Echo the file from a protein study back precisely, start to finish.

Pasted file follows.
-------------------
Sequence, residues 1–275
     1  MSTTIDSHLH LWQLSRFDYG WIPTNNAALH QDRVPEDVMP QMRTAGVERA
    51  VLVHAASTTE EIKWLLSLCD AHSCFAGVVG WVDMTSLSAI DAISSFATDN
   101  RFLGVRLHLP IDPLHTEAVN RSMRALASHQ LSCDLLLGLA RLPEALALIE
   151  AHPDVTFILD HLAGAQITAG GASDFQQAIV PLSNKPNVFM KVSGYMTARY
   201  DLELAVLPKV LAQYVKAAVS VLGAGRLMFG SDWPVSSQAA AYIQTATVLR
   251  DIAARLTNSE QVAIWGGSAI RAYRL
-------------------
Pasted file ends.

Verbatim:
Sequence, residues 1–275
     1  MSTTIDSHLH LWQLSRFDYG WIPTNNAALH QDRVPEDVMP QMRTAGVERA
    51  VLVHAASTTE EIKWLLSLCD AHSCFAGVVG WVDMTSLSAI DAISSFATDN
   101  RFLGVRLHLP IDPLHTEAVN RSMRALASHQ LSCDLLLGLA RLPEALALIE
   151  AHPDVTFILD HLAGAQITAG GASDFQQAIV PLSNKPNVFM KVSGYMTARY
   201  DLELAVLPKV LAQYVKAAVS VLGAGRLMFG SDWPVSSQAA AYIQTATVLR
   251  DIAARLTNSE QVAIWGGSAI RAYRL